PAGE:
That leave campaigners were able to systematically cheat the EU referendum shows how unequal political power is in the UK. It’s time for the people to decide where power should lie.
Vote Leave cheated - but what happens now?
The scandal of leave campaigners systematically overspending in the EU referendum is on a level not seen in modern times. Not since the days of widespread ‘treating’ of voters to food and alcohol in the 19th century have the rules been flouted on such an industrial scale.
If the coalition of leave campaigns really did spend as much as 10% more than the legal limit, it could have distorted the result. We’ll never know for sure, but how do we stop this happening again?
Since the referendum wasn’t legally binding, there is no mechanism to challenge the decision to leave for those who feel this extra, illegal spending swung the result. At just 0.8%, the fines handed down by the Electoral Commission can be written off as nothing more than the cost of doing business. We’ll soon find out whether criminal charges are on the way, but judging by previous cases, prosecutions are rare even where there is significant evidence of wrongdoing.
It’s clear that election laws need changing to keep up with those trying to distort our democracy. We need to give the Electoral Commission much stronger powers to intervene, and stop a small number of people being able to donate such enormous sums of money in the first place.
Theresa May’s government doesn’t want to deal with this.
The government could have lent support to thorough investigations into the the power of big money in politics, instead Theresa May has defended ministers involved in Vote Leave. Environment Secretary Michael Gove has dismissed the findings as sour grapes, standing silent while former colleagues at Vote Leave called whistleblowers ‘liars and charlatans’. Since their own MPs were accused of similar tactics in 2015, it’s easy to guess they would rather the issue disappeared from the news. Combined with the Conservative party’s unique reliance on big money donors (in 2017 the Tories raised more in £100k donations than every other party combined), it’s fair to say we’ve got a job on our hands convincing Theresa May to tackle the causes of the problem.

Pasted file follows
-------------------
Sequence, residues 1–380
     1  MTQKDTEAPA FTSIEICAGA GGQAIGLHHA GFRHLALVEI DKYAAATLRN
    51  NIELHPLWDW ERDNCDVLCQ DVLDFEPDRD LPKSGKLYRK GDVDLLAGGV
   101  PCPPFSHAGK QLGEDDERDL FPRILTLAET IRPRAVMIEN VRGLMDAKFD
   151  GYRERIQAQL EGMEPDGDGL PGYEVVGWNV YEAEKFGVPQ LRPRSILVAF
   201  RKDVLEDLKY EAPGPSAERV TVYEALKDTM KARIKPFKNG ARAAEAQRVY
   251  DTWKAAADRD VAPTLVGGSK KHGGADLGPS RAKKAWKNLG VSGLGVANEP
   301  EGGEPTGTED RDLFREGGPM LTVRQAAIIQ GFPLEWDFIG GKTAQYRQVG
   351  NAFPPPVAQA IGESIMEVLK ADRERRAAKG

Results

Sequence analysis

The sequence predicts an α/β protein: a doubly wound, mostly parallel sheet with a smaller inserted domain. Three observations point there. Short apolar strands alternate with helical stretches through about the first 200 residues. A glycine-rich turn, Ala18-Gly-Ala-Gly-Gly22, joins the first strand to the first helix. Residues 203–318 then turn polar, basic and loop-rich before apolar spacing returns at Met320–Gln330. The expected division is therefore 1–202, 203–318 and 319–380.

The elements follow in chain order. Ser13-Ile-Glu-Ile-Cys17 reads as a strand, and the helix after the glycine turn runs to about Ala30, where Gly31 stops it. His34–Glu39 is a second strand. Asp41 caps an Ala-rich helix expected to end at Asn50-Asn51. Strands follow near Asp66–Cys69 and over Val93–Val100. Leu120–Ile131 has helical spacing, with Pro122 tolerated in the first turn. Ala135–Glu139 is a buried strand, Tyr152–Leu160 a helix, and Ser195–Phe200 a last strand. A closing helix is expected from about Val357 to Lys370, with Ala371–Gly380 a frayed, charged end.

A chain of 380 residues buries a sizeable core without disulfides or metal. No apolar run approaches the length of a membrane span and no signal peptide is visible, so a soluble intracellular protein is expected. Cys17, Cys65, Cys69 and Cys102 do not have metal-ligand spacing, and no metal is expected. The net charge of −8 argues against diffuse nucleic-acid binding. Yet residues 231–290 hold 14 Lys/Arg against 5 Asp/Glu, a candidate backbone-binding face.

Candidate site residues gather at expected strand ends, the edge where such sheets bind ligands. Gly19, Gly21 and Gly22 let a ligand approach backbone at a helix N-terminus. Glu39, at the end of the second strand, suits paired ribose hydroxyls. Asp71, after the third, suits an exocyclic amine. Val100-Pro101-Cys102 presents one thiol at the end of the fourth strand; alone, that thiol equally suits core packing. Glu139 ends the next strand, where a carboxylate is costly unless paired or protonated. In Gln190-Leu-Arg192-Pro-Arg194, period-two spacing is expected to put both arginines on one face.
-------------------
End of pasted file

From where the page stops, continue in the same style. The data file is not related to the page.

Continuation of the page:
Big money trying to buy elections is just one symptom of a political system serving the few
Cheating in the referendum didn’t just happen because some people were willing to do whatever it took to win. They had access to networks of millionaire donors who could allocate spending across different organisations, and a set of election laws they thought they could break without serious consequences.
There are obvious changes that need implement now. But even policies like capping donations won’t fundamentally address political inequality in Britain. Without top to bottom change we could see these same interests invent new loopholes to satisfy their interests. If we’re serious about making politics work for everyone, we need to think bigger.
Britain’s archaic, unwritten constitution gives the government huge freedom to grant the wishes of its paymasters. The government was able to pass the EU Withdrawal Act, giving ministers powers to dump vast swathes of laws and regulations behind closed doors.
These are problems so deeply entrenched that they can’t be solved by a change of government or a change of political party. To solve this problem we need to change our constitution. So we need to reboot our political system.
It’s time for a new constitution, one where we take control - over our lives, over our communities, over an out of control executive and a powerless parliament.
We could create a radical new vision for society, where people have power - not Theresa May and her government, not the wealthy elites that dole out politicians’ paychecks, not lobbyists who make dodgy deals behind closed doors.